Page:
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George Ticknor, Life, letters and journals of George Ticknor (ed. George Hillard), Chapter 1: (search)
man who has just passed thoroughly through a severe disease. He is not so likely to take it as if he had never had it. But France, too, wants men of ability; Louis Philippe is the ablest statesman they have had for a great while. And then in France there is such a want of stability. On the 7th of next month I shall have sat in July, 1830, is called a revolution: it was no such thing; it was a lucky rebellion, which changed those at the head of the government, nothing else. But when Louis Philippe said, at the famous arrangement of the Hotel de Ville, La Charte deviendra une verite, he uttered a falsehood,—il dit un mensonge; there existed no Charter athe midst of this, a secretary came in and delivered a despatch, that moment received, he said, by express from Paris. The news of the attempt to assassinate Louis Philippe, as he was going to Neuilly, had been received by telegraph a couple of days before, but as nothing had come since, everybody was curious to know the details.
George Ticknor, Life, letters and journals of George Ticknor (ed. George Hillard), Chapter 6: (search)
alonieri. Count Mole Augustin Thierry. Lamartine. Count Circourt. Mignet. Cesare Balbo. Mad. De Pastoret. Louis Philippe and his family. Journal. Paris, September 18. He had reached Paris September 11.—I was at Bossange's b821. When in the United States he wrote to his old friend, the Duke de Broglie, then Minister for Foreign Affairs to Louis Philippe, to inquire whether his presence in France would be unwelcome to the government. The Duke––who told me this fact–sai, Secretary and Charge d'affaires from 1801 to 1805, and I know not what else, until he was Governor of Algiers under Louis Philippe, to whom he is now Conseiller d'etat. Among other things he told me that Tom Paine, who lived in Monroe's house at Pxcept such as are seen at watering-places; and I shall probably never see another, for it is one of the good deeds of Louis Philippe's government that, after having abolished lotteries, it has now ordered all public gaming-houses to be closed from J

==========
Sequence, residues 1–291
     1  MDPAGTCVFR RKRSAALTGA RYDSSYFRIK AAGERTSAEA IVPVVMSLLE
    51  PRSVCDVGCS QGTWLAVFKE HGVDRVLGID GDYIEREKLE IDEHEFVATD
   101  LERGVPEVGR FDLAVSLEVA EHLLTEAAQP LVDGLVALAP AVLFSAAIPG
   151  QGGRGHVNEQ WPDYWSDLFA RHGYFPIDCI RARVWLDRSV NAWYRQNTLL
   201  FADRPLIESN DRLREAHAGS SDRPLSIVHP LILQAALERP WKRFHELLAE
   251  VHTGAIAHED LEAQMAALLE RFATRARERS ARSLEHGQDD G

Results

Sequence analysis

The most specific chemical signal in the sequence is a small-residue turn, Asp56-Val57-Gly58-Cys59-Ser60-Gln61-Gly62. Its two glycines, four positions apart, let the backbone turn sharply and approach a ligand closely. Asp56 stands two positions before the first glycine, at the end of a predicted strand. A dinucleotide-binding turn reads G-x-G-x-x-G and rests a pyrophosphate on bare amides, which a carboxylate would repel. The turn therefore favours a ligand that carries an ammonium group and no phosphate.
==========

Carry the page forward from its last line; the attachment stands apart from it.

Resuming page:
George Ticknor, Life, letters and journals of George Ticknor (ed. George Hillard), Chapter 7: (search)
forgetting, apparently,—when he spoke of painting, for instance, or the opera,—that he cannot hope ever again to enjoy either of them. We finished the evening at Mad. de Broglie's, where we met Villemain; Duchatel, one of the ministers of Louis Philippe; with Guizot, Lady Elgin, and two or three others; besides Doudan and the d'haussonvilles, who are always there. It was a tres petite soiree, and very agreeable. . . . . January 10.—It was the first grand ball of the season to-night at tho call her Reine. Prince Musignano was there, and perhaps in the course of an hour twenty people came in, for it was her reception evening; but the whole, I suppose, was Bonapartist, for I happen to know that those who wish to stand well with Louis Philippe avoid her doors; a weakness on his part as great as that which, on hers, permits her to be called Queen. . . . . January 17.—I passed a large part of to-day with H. Ternaux, who was formerly in the United States, since which time he has b